[updated September 2007]

6-6.530

Waiver of Net Operating Losses or Bad Debt Deductions

If a taxpayer has any valuable tax attributes, such as net operating losses or bad debt deductions, and proposes a settlement based on collectibility, the United States Attorney should require the taxpayer to waive those tax attributes for purposes of settlement.

[updated September 2007]

6-6.540

Security for Deferred or Installment Payments

Where an offer provides for the taxpayer to make deferred or installment payments, including payments pursuant to a collateral agreement, the taxpayer should agree to entry of judgment for the full amount of the Government's claim. The settlement should also provide that the Government will file a satisfaction of judgment when the taxpayer has completed all obligations under the settlement (i.e., paid the amount due under the settlement, including any amount due under a collateral agreement). The settlement should also provide that the IRS will maintain any federal tax liens securing the liabilities being compromised until the taxpayer makes the final payment due under the settlement. Once the taxpayer has made the final payment, the IRS will release the liens.

[updated September 2007]

6-6.550

Tax Division Settlement Reference Manual

The Tax Division Settlement Reference Manual contains a detailed discussion on collectibility compromises which the United States Attorney can consult for further guidance. See http://www.justice.gov/tax/readingroom/settlpdf/Settlement%20Reference%20Manual%202009.%2004-02-09.pdf.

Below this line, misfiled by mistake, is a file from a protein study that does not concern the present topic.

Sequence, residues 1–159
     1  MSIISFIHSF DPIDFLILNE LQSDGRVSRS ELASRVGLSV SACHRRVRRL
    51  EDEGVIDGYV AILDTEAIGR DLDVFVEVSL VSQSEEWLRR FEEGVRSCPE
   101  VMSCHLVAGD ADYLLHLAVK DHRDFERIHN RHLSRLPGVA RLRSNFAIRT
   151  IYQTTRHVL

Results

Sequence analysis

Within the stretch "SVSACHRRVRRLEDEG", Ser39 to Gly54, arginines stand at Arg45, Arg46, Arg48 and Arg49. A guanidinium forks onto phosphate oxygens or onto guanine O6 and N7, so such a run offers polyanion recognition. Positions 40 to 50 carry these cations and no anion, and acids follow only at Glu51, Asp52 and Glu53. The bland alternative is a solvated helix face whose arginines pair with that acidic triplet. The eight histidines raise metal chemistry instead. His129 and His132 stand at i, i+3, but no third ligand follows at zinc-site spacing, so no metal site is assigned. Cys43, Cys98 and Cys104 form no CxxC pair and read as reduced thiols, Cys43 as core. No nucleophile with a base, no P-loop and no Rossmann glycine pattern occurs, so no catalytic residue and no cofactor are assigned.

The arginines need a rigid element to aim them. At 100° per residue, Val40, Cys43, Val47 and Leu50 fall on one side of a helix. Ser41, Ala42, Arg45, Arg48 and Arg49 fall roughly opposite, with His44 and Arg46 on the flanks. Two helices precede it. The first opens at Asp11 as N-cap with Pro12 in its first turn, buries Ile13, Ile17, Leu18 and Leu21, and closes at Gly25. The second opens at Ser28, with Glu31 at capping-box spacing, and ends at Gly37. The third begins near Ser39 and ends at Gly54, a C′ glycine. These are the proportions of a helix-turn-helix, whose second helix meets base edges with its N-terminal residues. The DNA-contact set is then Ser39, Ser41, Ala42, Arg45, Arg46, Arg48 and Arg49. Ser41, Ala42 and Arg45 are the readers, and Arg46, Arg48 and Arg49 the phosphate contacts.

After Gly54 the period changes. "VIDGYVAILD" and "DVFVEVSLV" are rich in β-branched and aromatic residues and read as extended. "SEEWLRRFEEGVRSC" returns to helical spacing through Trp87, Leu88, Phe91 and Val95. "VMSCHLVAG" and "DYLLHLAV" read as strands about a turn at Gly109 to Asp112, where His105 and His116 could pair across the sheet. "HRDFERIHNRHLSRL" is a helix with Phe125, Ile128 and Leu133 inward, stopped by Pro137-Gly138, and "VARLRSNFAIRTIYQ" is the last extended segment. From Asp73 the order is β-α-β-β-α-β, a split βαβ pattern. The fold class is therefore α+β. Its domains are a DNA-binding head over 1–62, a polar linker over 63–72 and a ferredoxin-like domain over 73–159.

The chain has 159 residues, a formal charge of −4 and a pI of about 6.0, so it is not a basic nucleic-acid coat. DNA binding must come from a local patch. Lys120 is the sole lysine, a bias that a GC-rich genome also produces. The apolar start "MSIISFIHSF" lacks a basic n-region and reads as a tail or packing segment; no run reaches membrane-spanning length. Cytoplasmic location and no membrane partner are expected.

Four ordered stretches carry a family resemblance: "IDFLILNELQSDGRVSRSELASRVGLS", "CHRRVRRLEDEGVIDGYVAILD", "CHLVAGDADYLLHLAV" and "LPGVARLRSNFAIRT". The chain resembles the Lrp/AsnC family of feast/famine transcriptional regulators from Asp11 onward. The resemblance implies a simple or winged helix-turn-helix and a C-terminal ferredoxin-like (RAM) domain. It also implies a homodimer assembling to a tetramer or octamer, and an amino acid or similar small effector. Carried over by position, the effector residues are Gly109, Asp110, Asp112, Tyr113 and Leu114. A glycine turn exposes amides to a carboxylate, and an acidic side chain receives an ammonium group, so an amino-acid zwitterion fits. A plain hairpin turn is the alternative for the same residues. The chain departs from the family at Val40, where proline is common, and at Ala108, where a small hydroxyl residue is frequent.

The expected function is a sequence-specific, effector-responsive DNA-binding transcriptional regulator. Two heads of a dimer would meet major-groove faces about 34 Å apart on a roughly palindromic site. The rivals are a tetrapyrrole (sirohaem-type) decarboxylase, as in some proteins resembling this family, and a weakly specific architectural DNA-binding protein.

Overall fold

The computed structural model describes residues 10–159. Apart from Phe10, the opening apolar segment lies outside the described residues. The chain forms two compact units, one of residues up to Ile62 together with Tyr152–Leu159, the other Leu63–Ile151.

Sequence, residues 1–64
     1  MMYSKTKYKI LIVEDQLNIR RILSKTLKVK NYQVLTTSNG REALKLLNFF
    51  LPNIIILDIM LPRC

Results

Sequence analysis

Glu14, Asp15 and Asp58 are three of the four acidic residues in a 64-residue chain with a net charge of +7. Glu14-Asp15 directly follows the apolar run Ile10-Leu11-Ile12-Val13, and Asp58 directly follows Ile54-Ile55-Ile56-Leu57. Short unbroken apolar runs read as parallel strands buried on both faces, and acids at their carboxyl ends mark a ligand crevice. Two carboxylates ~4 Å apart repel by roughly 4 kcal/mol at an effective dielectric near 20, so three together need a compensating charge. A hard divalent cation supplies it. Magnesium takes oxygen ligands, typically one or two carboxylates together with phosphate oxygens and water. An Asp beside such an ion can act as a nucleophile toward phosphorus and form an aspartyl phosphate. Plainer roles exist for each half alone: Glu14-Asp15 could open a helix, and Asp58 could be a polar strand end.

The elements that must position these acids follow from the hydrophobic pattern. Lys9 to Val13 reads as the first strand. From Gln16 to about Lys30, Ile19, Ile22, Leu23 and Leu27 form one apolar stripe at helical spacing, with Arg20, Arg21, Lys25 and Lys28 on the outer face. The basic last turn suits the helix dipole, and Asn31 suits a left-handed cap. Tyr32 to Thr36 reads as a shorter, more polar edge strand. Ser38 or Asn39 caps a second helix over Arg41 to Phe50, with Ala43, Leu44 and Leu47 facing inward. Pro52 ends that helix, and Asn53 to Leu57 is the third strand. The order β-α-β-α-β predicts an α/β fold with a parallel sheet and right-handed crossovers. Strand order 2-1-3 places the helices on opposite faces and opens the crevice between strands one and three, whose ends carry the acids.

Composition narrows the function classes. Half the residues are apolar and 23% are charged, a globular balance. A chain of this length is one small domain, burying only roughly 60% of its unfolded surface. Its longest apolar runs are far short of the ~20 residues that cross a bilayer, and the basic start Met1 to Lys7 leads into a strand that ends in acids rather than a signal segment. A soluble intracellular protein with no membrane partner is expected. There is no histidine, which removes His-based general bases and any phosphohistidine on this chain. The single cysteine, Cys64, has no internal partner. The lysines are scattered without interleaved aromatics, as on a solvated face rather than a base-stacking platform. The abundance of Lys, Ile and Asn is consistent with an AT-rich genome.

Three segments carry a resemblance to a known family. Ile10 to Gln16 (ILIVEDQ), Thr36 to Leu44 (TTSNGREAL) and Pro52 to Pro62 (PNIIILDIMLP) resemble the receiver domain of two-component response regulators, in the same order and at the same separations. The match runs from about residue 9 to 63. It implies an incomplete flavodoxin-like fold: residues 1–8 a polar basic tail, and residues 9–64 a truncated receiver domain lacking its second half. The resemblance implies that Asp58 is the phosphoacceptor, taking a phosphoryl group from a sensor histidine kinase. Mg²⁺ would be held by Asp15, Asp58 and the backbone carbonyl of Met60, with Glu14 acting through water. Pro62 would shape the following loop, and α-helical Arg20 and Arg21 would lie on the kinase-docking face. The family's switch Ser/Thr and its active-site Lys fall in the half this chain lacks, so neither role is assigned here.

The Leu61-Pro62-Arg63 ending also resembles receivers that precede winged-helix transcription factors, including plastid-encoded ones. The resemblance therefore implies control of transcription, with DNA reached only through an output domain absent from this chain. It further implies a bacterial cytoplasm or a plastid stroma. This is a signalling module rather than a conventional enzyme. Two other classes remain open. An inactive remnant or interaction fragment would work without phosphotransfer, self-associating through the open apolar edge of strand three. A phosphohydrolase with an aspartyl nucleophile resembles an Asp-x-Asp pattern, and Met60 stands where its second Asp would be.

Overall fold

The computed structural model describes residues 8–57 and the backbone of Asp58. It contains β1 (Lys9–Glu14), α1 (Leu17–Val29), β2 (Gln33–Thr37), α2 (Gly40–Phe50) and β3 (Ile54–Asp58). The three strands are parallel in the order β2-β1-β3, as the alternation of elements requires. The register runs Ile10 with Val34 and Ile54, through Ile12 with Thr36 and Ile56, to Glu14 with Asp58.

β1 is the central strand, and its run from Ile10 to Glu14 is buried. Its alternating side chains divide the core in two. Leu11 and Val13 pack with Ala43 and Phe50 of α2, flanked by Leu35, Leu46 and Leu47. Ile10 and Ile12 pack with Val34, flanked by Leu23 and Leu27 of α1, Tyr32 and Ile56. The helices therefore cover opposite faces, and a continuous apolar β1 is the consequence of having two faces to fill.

[updated September 2007]

6-6.600

Compromises of Refund Suits

After the Department accepts an offer in compromise of a refund suit, the case will be terminated pursuant to a stipulation for dismissal. Generally, the stipulation should not include the terms of the compromise. It is contrary to the Department's policy to stipulate for judgment in favor of the taxpayer when the Government has compromised a case. The United States Attorney should never do so without first obtaining written Tax Division authorization. The United States Attorney should send the Tax Division a copy of the stipulation of dismissal.

[updated September 2007] [cited in USAM 6-2.000]

6-6.612

Concessions of Refund Suits

After the Department approves the concession of a refund suit, if the taxpayer agrees, the stipulation of dismissal should provide that each party will bear its own costs and expenses, including attorneys' fees. Otherwise, the parties should simply stipulate to entry of judgment against the United States.

[updated September 2007]

6-6.613

Issuance of Refund Checks

After the Department approves an offer or a concession that calls for a payment to the taxpayer, the Tax Division will authorize the IRS to issue a refund in the appropriate amount, plus statutory interest. The Tax Division then will transfer the case to its Post-Litigation Unit, which will supervise the issuance of the refund check and/or notice of credit as well as the dismissal of the suit or the filing of a satisfaction of judgment. See USAM 6-7.000. The IRS usually requires about 60 days to issue the refund after the amount of the refund has been computed.

In a case that the United States Attorney has handled, the Tax Division will send the refund check and/or notice of credit due under a compromise together with a stipulation of dismissal or satisfaction of judgment to the United States Attorney for delivery to taxpayer's counsel. The United States Attorney should deliver those documents only after receiving a signed stipulation of dismissal.

[updated September 2007] [cited in USAM 6-7.200]

6-6.620

Compromises of Government Claims